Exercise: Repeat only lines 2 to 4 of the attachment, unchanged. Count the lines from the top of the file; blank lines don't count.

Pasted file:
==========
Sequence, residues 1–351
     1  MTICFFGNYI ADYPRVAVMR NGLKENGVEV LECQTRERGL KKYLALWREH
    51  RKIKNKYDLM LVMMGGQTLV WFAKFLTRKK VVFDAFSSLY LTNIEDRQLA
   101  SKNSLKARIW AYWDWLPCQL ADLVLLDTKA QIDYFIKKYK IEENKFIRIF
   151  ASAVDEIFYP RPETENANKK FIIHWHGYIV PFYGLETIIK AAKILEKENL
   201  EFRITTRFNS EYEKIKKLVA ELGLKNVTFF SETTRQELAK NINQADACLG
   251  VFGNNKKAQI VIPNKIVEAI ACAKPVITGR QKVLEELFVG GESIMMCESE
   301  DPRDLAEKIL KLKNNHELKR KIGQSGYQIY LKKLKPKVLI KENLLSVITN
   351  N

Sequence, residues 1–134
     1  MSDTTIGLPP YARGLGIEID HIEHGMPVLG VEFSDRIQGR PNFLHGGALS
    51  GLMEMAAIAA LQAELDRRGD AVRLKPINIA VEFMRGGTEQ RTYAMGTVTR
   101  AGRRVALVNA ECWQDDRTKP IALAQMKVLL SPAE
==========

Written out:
     1  MTICFFGNYI ADYPRVAVMR NGLKENGVEV LECQTRERGL KKYLALWREH
    51  RKIKNKYDLM LVMMGGQTLV WFAKFLTRKK VVFDAFSSLY LTNIEDRQLA
   101  SKNSLKARIW AYWDWLPCQL ADLVLLDTKA QIDYFIKKYK IEENKFIRIF